Seeing ‘Eye to Eye’
ECU students mentor youths facing similar learning disabilities
By Kathryn Kennedy
Photos and video by Cliff Hollis
A group of students in East Carolina University’s Project STEPP program spent Friday afternoons this spring out in the community, mentoring fourth- and fifth-graders at the Building Hope Community Life Center. The kids listen and respond to their Pirate mentors. They have connected. And there’s a good reason for that.
Each of the students in Project STEPP has overcome a learning disability or ADHD to get to college. The kids they’re partnered with struggle against the same disabilities.
“The goal is to teach them things that we’ve learned,” said ECU junior Lee Olson, student coordinator of the Eye to Eye mentoring program. “We’ve all faced challenges throughout school and I think the biggest thing is just knowing that you can be successful and will make it to college.”
Eye to Eye is a national organization that provides support and training for the ECU chapter. The aim is to encourage students with learning disabilities or attention deficit hyperactivity disorder (ADHD) and get them excited about school and learning. The students in Project STEPP make the perfect match.
STEPP stands for Supporting Transition and Education through Planning and Partnerships, and has been housed in the College of Education at ECU since its inception in 2006. Administrators offer academic, social and life skills support to a select number of students with ADHD or learning disabilities in reading, writing or math.
Freshman STEPP student Emily Bosak compares living with a learning disability to running a race.
“Everyone’s shoes are made out of lightweight leather but my shoes are made out of lead,” she said. ”So I am going to run the same race everyone else is and I am going to finish the race like everyone else but it is just going to take me a little bit longer. It doesn’t mean I am not athletic or incapable of finishing the race, I just have something holding me back.”
She and the other Project STEPP students know well what the kids are experiencing at school. The interactions between mentor and mentee are often casual, and based around artistic activities that stimulate the young learners but don’t stress them out.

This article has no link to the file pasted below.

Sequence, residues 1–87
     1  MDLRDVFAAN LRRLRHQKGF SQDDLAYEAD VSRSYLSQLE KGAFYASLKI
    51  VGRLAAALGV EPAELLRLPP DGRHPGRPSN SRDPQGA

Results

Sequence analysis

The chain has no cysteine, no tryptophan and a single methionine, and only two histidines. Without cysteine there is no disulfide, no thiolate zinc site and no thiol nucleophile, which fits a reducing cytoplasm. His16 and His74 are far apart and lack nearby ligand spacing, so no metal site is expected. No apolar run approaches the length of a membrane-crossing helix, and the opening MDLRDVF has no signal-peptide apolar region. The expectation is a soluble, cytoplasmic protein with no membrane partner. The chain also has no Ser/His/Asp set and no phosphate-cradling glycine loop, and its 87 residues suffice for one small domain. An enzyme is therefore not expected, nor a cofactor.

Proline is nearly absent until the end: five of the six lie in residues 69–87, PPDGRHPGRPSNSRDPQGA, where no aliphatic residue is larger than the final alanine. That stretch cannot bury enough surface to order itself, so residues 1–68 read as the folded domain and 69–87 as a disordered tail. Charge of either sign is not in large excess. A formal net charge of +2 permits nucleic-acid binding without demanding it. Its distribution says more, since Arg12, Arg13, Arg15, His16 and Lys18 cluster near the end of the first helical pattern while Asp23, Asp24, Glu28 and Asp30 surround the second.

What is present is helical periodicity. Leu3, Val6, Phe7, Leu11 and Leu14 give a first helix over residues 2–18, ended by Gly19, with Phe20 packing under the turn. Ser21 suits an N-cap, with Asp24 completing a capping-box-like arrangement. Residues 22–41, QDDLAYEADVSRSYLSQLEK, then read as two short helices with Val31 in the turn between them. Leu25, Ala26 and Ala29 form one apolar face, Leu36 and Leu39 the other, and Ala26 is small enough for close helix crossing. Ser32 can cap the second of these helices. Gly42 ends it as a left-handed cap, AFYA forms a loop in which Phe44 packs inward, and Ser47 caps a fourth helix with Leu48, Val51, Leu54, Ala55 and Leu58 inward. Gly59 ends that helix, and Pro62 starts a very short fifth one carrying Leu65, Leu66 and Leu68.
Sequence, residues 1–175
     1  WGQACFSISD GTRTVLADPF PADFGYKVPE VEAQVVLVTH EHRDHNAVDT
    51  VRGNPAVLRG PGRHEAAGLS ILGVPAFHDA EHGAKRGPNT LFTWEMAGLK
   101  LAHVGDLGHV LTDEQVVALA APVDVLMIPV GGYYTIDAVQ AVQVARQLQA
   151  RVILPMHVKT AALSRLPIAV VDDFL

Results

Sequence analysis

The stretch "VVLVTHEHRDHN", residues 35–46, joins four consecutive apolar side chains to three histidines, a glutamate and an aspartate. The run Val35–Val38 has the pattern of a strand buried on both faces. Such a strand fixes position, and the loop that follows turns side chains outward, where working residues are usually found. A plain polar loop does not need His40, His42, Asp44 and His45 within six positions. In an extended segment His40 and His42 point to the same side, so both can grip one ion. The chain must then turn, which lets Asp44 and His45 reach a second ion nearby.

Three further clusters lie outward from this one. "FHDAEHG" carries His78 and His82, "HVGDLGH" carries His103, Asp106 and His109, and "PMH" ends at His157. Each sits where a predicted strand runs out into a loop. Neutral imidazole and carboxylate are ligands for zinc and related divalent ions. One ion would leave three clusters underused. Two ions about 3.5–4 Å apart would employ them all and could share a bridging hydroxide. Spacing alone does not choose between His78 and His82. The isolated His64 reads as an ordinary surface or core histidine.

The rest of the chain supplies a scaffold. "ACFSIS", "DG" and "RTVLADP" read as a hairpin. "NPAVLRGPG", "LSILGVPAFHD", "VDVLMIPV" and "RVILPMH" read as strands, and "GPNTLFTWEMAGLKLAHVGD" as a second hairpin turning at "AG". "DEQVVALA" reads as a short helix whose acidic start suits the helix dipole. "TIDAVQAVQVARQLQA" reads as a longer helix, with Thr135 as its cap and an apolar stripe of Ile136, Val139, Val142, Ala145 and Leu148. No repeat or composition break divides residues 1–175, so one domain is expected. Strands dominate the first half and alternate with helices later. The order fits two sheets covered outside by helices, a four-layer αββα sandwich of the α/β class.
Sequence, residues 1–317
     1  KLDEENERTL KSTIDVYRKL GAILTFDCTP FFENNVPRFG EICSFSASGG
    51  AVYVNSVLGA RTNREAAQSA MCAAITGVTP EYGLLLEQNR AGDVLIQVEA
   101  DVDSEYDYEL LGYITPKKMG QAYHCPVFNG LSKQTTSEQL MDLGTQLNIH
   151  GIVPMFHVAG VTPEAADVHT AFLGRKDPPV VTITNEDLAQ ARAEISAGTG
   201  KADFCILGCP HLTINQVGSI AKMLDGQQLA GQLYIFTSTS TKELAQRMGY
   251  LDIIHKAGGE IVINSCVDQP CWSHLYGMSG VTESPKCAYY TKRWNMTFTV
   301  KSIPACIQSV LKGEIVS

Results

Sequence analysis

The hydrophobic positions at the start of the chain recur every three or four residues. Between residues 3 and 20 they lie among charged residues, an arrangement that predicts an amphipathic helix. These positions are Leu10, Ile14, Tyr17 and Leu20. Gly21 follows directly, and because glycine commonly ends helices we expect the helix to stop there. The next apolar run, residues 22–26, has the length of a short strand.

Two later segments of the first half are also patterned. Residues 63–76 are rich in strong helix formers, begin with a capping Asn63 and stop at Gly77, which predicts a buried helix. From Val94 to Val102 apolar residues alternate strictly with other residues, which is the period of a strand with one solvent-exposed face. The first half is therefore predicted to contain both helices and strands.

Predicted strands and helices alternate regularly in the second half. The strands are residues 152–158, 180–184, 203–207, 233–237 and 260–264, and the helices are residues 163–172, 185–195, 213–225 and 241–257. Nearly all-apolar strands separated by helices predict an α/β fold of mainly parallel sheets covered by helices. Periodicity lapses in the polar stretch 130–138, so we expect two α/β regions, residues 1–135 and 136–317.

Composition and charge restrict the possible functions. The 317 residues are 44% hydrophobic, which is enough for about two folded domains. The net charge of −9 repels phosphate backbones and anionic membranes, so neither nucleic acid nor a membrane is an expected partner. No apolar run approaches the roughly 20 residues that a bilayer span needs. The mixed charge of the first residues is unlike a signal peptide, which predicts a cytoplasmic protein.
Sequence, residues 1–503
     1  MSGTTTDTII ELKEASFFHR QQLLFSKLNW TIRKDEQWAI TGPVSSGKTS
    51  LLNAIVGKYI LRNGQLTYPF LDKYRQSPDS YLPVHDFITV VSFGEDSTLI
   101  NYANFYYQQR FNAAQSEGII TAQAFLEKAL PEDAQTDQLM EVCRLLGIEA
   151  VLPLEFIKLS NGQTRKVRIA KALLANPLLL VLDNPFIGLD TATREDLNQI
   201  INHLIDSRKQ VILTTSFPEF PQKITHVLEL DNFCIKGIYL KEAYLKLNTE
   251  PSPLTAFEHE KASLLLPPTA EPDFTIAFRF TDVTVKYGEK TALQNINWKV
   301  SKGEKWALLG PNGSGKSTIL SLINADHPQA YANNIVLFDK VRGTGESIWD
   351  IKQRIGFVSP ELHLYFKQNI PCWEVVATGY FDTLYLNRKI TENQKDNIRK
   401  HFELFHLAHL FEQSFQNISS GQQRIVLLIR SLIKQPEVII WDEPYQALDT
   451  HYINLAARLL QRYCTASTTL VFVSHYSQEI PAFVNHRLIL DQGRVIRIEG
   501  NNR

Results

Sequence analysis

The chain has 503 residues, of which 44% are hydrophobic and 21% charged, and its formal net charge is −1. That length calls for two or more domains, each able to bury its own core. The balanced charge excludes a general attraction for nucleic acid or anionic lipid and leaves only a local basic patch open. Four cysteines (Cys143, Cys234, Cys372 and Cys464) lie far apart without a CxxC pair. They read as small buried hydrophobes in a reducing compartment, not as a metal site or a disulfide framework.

At Building Hope one Friday in April, 10-year-old Jadaja Britton painted images representing her strengths and goals on a life-sized human outline – a purple shoe because she’s a good runner, a microphone because she likes to sing, a science book and a report card. As she worked, ECU freshman Brooke Carter asked what she was learning about in science.
“Ecosystems,” Jadaja replied, adding that she likes science class “because you get to try experiments.”
Nearby, Bosak and Marvion Wilcox, 10, had a conversation about primary colors. Though he quickly grasped that concept, the young man who plans to one day work as a dermatologist wasn’t ready to commit to the purple and gold.
“I still haven’t decided,” Marvion said when asked if he was going to attend ECU. He’s focused instead on a serious long-term goal: “I want to pass all my grades. I’m even talking about college grades!”
ECU student Chelsea Guild brought Eye to Eye to ECU in fall 2012 and still visits the group when she can. She said everyone involved in the mentoring process gets something out of it. That’s important, she added, because growing up with a disability can be lonely.
“You may feel like, ‘Why am I the only one being pulled out of my classroom?’ With this project, you’re included in a family of hope, included in a community.”
For many of the ECU students, it’s about giving something back.
“I had a speech and language pathologist, Alex, who made a huge difference in my life,” said Olson, who lives with dyslexia. “I thought there was no way I would make it through high school or college and she really motivated me to do it. She made learning fun for me, and that’s why I do this with the kids now. It’s motivating (the kids) to concentrate on school and keep up the good work.”
“It’s been fun,” said ECU freshman Matthew Lahey, who has an auditory processing disorder. “I want them to know they can do whatever they want. They can be whatever they want to be.”
The other Project STEPP students participating in Eye to Eye are Logan Jones, Ben Marshall, Becca O’Hea, Michael Whelan and Jared Goodrum.
They are advised by Dr. Sarah Williams, Project STEPP director, and Emily Johnson, associate director and transition specialist for Project STEPP.
For more information about Project STEPP at ECU, visit: http://www.ecu.edu/cs-educ/stepp/index.cfm.
More information about the Eye to Eye mentoring program is available at: http://eyetoeyenational.org/.